Beginners’ guide to archery at the Buenos Aires 2018 Youth Olympic Games

The Youth Olympic Games is an international multisport event that takes place every four years in between the main Olympic Games. The third edition in Buenos Aires, Argentina in 2018 comes after Singapore in 2010 and Nanjing in 2014.

Athletes in the archery competition were all born between 1 January 2001 and 31 December 2003. Many qualified at the 2017 World Archery Youth Championships, which were also held in Argentina, three hours away from Buenos Aires in Rosario, and subsequent continental qualification tournaments held around the globe.

As well as individual competitions, the Youth Olympic Games includes an unusual mixed team event. Not only does it mix genders but it also mixes athletes of different nationalities.

Factsheet: Buenos Aires 2018

  • Venue: Parque Sarmiento
  • Dates: 12-17 October 2018
  • Number of athletes: 64 (32 boys, 32 girls) from 45 nations
  • Number of medals: 3 (boys, girls, mixed nation mixed team)

Three facts

1) All six of the podium finishers at the 2014 Youth Olympic Games in Nanjing have gone on to represent their country’s senior teams in international competition.

Girls’ bronze medallist Lee Eun Gyeong won the Hyundai Archery World Cup Final in 2018; her Korean teammate, Lee Woo Seok, was second at the Final and winner in Nanjing. 

Marcus D’Almeida, Atul Verma, Li Jiaman and Melanie Gaubil have all appeared on the World Cup circuit in the last two years. They are not the only Youth Olympic alumni to have progressed to become permanent members of national teams.

2) The Youth Olympic Games is a scaled-down version of the main Olympics in many ways, including the schedule. Rather than the 128 archers in the main Games, there are 64 in Buenos Aires - but like the Olympics, every single match will take place in the archery arena. With many of the 64 athletes competing having little international experience, that is no small task.

3) Some of the athletes competing have never represented their country before; Tang Chih-Chun has. He won recurve cadet men’s gold at the 2017 World Archery Youth Championships in Rosario, Argentina.


Friday 12 October: Qualification

Saturday 13 October: Mixed team eliminations

Sunday 14 October: Mixed team eliminations and finals

Monday 15 October: Individual eliminations

Tuesday 16 October: Women’s eliminations and finals

Wednesday 17 October: Men’s eliminations and finals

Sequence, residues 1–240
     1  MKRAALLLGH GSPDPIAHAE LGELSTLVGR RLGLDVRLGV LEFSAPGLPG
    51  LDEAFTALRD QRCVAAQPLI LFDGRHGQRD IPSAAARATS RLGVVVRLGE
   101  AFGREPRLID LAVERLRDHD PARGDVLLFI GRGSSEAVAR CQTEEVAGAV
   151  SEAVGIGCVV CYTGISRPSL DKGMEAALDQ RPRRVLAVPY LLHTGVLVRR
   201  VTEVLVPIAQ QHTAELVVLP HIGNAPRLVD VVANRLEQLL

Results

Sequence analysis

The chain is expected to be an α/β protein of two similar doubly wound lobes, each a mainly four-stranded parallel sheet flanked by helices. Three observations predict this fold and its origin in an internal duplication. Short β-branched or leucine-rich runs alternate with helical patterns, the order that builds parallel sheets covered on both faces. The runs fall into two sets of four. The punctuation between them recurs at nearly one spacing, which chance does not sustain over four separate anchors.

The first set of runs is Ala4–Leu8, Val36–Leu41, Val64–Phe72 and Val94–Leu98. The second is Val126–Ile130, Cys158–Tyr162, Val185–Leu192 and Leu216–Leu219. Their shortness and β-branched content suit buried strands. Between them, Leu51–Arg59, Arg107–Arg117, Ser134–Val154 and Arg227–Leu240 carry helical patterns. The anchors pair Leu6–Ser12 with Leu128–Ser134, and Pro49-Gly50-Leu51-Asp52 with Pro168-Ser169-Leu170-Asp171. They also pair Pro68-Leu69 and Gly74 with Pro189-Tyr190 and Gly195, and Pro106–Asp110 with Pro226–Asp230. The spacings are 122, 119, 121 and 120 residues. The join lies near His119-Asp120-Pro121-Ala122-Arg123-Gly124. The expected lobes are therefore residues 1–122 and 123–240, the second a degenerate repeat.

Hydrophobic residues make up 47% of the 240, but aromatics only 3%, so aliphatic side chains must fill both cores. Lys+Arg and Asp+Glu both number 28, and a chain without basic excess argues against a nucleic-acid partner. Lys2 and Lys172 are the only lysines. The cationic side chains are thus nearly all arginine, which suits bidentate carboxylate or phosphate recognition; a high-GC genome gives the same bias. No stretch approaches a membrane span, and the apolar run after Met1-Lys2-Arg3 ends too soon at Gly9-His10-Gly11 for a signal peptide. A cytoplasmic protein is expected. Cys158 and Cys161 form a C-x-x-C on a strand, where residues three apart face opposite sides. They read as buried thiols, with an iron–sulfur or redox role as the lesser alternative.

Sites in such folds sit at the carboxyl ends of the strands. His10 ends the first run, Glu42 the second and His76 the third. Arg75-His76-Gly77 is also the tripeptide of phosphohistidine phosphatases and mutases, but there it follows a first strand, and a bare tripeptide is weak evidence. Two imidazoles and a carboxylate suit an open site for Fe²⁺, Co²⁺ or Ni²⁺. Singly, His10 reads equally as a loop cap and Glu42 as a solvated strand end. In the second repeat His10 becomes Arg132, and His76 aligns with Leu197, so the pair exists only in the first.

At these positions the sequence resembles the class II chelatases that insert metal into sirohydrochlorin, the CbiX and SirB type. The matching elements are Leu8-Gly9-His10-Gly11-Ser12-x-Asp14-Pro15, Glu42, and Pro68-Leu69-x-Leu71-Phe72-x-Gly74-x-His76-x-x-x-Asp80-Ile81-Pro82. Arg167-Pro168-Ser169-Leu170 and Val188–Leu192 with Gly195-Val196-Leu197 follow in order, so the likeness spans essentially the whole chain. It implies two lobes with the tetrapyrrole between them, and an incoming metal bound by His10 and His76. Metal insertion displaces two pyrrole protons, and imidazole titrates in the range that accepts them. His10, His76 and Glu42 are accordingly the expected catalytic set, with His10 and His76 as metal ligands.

The recurve bow is the modern evolution of traditional bows that have been used around the world for 1000s of years. The limbs curve away from the archer at the top, giving the ‘re-curve’ its name.

An archer holds the riser in the grip and draws the bowstring back to their face, placing their hand under their chin. A finger tab protects the drawing fingers. He or she aims at the target using a front sight, while the bow is balanced by stabilisers.

The arrow, which sits on a rest attached to the riser, is propelled at speeds of over 200kph when the archer releases the string.

How it works

The Youth Olympic Games consist of a ranking round that seeds athletes for head-to-head matchplay brackets to determine the winners.

Athletes shoot at 122cm targets set 60 metres away. Targets measure 122cm in diameter and have 10 concentric scoring rings, separated into five colours. The inner gold, scoring 10 points, measures 12.2cm in diameter.

Individual competition

Athletes shoot 72 arrows in a ranking round. The total scores rank the athletes from one to 32, assigning a seeding for the matchplay bracket.

Matches are resolved using the set system. Athletes shoot sets of three arrows. The highest-scoring athlete in a set receives two set points; a draw awards one set point to each athlete. The first athlete to six set points wins the match. 

Tiebreaks are resolved in a single-arrow shoot-off. The athlete whose arrow lands closest to the middle wins the match – unless both score a 10, in which case the first tiebreak is re-shot.

Mixed nation mixed Team competition

The individual scores from the ranking round decide which athletes shoot together in this unique mixed team event. The top-ranked girl is paired with the 32nd-ranked boy, the second-ranked girl with the 31st-ranked boy, and so on.

The athletes’ ranking round scores are combined to rank the mixed teams from one to 32, assigning a seeding for the matchplay bracket.

Matches are resolved using the set system. Mixed teams shoot sets of four arrows. The highest-scoring mixed team in a set receives two set points; a draw awards one set point to each athlete. The first mixed team to five set points wins the match. 

Tiebreaks are resolved in a shoot-off in which each athlete shoots one arrow. The mixed team that scores the highest points total wins the match. If both teams are tied, the mixed team whose arrow lands closest to the middle wins the match.


As well as hosting a world-class archery competition, the Youth Olympic Games is also run as a cultural and educational event for athletes and the public.

Olympians Sjef van den Berg and Aida Roman are attending the Games as athlete role models. They take part in sports initiations, hold seminars for the participants and are available to answer questions posed during the course of the competition.

“It’s important that young athlete understand what it means to be elite and what is still to come in their careers,” said Sjef. 

“It can seem like the step-up to being a competitive senior archer is too large, but it can seem much smaller – and make much more sense – in hindsight.”

Alexandra Longova is also an athlete role model in Buenos Aries as part of the Slovakian Olympic Committee delegation. Previous athlete role models at the Youth Olympic Games include Wietse van Alten and Khatuna Lorig.

The third edition of the Youth Olympic Games takes place on 12-17 October 2018 in Buenos Aires, Argentina.